The table also shows that there is a wide range between the lower and higher prices and that even with a cup of 80–82 you can get close to the goals of 2 USD/lb or +50. A better cup on itself does not guarantee the best price, the higher end prices for a cupping score are above the lower end prices for coffee with a better cup.
This means that quality is important, but not enough to get the best price. You also have to know how to sell — marketing, relationships with buyers, traceability and other factors are important to achieve a price that allows economic sustainability. This aspect is not highlighted in the guide. The cup score seems to be a more objective criterion, although defining quality is also somewhat arbitrary as we saw in the March 28 blog. A rating of the relationship between producer / seller and buyer could be included in the data or a separate survey could be undertaken.
Coffee price and microlots
The guide also presents data on the relation between the lot size of a contract and the price. As with the cup quality score, a summary table over the last 5 seasons was made of prices by volume range, ranging from 40,000 pounds (a full container load) to less than 1,000 pounds, with the averages summarized in the table, and applying the same economic sustainability criteria.
It is observed that the smaller the lot size, the better the price. The median price rises from USD 1.82 for a full container to USD 4.06/lb for lots of a thousand pounds or less, with a low of USD 1.45 to a high of USD 5.83/lb on average over the 5 seasons. The median differential increases from +61 to +285.
Crossing the cup score with the lot size, based on the data of the last 3 harvests, it is observed that lots of 40 thousand pounds or more, with cup score 82–84, fetch a price close to the target, with an average of 1.89 USD/lb, but a 84 cup or better is needed to top it (USD 2.20/lb for a 84–85 cup).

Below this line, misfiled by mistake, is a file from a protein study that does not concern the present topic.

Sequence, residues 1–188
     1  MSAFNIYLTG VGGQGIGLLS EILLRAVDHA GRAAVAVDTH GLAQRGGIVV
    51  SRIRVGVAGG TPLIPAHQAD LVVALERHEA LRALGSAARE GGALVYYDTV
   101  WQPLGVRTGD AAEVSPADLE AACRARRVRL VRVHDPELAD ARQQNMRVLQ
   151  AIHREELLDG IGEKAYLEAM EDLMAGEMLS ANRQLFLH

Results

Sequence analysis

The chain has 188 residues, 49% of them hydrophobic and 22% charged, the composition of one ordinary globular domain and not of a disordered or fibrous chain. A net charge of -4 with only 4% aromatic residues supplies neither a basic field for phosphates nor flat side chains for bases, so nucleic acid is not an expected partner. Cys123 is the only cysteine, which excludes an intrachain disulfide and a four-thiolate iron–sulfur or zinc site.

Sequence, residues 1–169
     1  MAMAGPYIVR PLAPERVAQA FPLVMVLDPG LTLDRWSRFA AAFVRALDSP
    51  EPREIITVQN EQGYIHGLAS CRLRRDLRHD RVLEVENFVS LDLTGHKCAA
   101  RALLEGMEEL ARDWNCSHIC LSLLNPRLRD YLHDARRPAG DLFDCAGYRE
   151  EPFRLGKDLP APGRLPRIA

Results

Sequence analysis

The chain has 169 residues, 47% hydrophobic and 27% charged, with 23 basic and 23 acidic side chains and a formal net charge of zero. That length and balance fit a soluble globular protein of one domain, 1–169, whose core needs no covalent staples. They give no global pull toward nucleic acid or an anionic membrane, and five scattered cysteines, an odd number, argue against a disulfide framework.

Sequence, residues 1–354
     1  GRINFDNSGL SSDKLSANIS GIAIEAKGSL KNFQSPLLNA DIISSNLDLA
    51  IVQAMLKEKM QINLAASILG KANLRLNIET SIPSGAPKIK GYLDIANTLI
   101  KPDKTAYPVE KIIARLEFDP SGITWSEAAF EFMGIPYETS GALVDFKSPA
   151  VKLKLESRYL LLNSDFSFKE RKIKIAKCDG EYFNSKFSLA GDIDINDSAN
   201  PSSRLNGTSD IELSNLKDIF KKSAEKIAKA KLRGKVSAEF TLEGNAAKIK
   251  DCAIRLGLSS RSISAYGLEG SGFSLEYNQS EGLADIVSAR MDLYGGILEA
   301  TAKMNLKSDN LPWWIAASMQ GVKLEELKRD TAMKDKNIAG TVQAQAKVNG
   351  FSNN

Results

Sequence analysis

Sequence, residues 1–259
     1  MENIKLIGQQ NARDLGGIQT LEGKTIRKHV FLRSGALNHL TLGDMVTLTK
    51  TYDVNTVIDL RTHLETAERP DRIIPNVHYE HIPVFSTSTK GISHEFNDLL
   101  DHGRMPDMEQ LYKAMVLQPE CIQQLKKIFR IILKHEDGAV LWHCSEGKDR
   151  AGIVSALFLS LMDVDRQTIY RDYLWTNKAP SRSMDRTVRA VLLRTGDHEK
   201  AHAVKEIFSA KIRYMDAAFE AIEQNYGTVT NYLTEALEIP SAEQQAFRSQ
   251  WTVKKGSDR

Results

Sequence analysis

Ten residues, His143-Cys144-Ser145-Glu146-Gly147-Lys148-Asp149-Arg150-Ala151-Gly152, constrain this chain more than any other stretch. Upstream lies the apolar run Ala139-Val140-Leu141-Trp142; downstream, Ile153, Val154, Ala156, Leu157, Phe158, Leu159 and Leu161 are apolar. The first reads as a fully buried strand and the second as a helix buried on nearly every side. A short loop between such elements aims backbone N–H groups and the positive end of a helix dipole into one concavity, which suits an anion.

Most contracts are for lots of less than a full container. The cost of producing, processing, selecting, marketing and exporting high-quality microlots is high and requires many years of investment. The result is uncertain, the weather conditions can be adverse and, most importantly, it is above all the buyer who decides if he meets the quality and how much to pay. He can reject the coffee or buy it one year and the following year prefer another supplier.
Studies have shown that many producers end up frustrated if their coffee is rejected, after they have made many efforts to produce the best quality coffee*. A programme to produce high-quality microlots can be an incentive to improve the quality of coffee in general and result in better prices for all, but it can also divide the organisation between producers who have the conditions to produce very high-quality coffee and those who do not.
For medium and large organizations with microlot of this type of coffee, they generally represent a small percentage of the coffee that they process and market. Setting aside the best qualities for microlots can be detrimental to the consistency of the quality of the rest of the coffee.
*See for example Michael Sheridan of Catholic Relief Services about a project to produce microlots in Cenfrocafé, Peru: The social impact of microlots. A Counter Culture Coffee case study. April 2012.